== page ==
I am shocked by your dewy-eyed reply. Your reply is factitious pseudo-conservative verbiage. To say that you do not know what suppression of wages through cheap labor means insults your own intellect. The real wages of the American worker have remained flat while production is great. So then, who is getting the fruits of the labor? Why did the Republican party make no attempt to control illiegal immigration? To say labor unions are the culprit in this mess is way too facile. They have not had any power in the private sector for the last twenty-five years.

    You say lack of regulation for the banking problems is “laughable.” Even the common man knows that the name of the game in business today is greed. The amount of theft and corruption I have personally seen in twenty years is a horror. Conditions were not always like this. Derivatives are science fiction. From 2000 to 2008 the Bush/Cheney team refused to do anything about the corruption, blaming the problem on easy money, as you do. The banks loved making these loans because they made a killing on them in the short term. The country be damned. The banks used Fannie Mae as a whipping boy to hide their own sins. Tell me,how many banking chairmen are in jail?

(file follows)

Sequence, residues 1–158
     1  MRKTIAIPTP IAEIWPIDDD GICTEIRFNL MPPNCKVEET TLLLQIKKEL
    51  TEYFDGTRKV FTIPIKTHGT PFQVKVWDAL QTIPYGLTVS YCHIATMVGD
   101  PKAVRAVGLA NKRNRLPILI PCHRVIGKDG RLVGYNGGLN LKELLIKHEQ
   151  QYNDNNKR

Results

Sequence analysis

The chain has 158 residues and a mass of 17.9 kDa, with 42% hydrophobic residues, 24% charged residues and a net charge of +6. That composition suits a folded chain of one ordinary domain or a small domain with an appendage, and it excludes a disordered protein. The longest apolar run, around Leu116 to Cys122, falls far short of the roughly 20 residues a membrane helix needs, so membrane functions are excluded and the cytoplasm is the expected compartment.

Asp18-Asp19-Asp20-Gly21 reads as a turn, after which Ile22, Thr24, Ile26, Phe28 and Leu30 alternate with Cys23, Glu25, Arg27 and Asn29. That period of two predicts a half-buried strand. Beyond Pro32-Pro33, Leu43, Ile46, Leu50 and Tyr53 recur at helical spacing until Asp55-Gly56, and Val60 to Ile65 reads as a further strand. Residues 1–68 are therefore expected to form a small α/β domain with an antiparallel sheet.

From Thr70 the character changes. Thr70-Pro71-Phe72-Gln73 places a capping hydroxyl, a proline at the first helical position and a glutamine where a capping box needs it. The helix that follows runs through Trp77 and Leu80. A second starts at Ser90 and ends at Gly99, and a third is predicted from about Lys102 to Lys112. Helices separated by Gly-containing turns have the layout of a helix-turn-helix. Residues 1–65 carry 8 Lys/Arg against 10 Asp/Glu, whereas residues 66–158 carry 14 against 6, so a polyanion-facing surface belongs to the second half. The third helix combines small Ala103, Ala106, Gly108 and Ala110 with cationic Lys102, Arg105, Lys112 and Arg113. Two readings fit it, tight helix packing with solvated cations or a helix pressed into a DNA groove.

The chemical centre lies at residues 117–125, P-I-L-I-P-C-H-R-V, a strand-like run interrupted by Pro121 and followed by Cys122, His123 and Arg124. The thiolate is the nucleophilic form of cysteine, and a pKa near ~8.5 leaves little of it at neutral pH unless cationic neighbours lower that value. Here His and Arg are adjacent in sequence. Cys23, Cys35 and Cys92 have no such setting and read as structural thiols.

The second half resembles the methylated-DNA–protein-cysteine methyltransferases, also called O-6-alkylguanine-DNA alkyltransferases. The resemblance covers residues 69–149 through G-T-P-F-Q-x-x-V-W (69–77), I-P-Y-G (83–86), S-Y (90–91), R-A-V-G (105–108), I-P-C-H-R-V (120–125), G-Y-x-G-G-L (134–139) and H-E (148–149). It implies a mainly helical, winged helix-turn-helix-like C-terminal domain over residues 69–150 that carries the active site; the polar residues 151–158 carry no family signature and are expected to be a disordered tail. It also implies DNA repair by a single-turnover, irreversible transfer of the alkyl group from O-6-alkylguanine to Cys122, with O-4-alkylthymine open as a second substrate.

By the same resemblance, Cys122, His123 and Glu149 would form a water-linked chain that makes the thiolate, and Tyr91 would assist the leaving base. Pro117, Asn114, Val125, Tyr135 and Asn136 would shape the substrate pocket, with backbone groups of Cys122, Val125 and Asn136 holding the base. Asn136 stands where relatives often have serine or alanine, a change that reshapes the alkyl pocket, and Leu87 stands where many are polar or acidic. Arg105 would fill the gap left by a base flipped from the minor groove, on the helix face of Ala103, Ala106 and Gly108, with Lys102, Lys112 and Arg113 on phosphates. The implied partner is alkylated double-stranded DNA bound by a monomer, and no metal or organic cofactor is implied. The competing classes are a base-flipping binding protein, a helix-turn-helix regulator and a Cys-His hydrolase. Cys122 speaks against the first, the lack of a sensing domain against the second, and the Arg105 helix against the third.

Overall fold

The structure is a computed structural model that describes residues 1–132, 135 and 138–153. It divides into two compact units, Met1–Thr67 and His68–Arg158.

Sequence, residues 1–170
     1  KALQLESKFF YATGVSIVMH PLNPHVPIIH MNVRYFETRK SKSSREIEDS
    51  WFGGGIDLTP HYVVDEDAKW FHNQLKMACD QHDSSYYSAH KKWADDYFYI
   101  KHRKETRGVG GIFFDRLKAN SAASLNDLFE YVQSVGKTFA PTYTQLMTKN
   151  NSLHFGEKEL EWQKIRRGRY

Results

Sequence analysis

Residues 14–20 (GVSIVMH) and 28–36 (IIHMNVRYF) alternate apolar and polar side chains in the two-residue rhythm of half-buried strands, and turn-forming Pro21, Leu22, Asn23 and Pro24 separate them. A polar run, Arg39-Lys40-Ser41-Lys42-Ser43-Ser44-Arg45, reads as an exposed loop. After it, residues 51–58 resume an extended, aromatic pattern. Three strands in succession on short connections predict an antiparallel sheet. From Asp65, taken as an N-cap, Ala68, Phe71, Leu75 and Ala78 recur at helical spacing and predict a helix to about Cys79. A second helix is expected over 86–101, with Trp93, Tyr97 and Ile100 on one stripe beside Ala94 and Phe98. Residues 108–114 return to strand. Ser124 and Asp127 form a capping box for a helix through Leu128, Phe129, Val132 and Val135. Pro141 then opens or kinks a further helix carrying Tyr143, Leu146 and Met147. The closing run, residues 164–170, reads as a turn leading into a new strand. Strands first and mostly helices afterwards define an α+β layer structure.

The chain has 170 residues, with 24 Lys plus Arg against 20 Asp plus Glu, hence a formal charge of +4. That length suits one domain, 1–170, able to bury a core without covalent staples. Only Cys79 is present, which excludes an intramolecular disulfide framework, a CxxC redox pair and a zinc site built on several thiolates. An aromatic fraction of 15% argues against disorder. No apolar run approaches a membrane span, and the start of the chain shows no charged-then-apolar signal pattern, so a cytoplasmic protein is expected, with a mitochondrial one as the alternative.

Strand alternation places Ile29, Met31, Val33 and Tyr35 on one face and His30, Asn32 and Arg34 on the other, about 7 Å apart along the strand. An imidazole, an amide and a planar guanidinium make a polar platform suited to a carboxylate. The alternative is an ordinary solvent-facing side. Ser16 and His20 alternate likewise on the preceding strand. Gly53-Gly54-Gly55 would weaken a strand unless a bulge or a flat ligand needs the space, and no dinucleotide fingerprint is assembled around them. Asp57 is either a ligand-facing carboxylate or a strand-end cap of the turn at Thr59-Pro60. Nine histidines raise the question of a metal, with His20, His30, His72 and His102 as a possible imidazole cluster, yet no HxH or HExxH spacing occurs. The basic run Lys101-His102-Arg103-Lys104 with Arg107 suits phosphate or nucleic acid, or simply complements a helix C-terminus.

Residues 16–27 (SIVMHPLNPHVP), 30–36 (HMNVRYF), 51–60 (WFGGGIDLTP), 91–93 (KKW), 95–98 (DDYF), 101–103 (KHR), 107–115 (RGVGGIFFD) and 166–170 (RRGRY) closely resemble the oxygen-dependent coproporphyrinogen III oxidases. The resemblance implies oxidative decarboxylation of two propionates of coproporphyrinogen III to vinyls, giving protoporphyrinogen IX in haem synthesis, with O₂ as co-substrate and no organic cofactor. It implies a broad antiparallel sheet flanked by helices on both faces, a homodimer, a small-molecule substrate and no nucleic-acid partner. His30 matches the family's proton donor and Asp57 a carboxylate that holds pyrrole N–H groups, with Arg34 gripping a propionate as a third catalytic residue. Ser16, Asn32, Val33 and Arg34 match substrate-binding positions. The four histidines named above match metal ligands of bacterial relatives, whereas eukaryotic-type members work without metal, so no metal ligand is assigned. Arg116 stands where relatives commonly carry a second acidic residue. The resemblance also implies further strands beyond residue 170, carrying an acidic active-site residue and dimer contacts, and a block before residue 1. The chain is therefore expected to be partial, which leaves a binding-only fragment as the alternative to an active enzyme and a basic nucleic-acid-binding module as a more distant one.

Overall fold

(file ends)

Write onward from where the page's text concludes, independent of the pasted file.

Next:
Free market capitalism is not inherently evil. Why was it that every time the banks were in trouble the government ran to bail them out? Birds of a feather flock together. This is a system that has repeatedly been there for those who committed the crimes. They left the banks alone to steal, and then, when the schmemes no longer worked, the government handed them bags of cash. This is the unltimate free-market hypocrisy, which every average Joe conservative feels way too obliged to defend. Talk to the common people, brother. They will tell you. Live on their wages for a while and then tell me what you have learned.

  3. Jordan Bell says:

    Free market capitalism is not inherently evil. Why was it that every time the banks were in trouble the government ran to bail them out?

    What you just described is not free-market capitalism. In a free-market there would be no central bank, and there would be no bailouts. What you are describing is crony capitalism, and is a result when the largest banks banded together to get government to create the Federal Reserve as the lender of last resort to bailout the banking system when their mal-investments caused them financial trouble. The passing of legal tenders laws forcing the use of one paper currency also allows them to inflate the money supply, as the Fed can just print up money out of thin air. These banks should be going bankrupt, not be bailed out.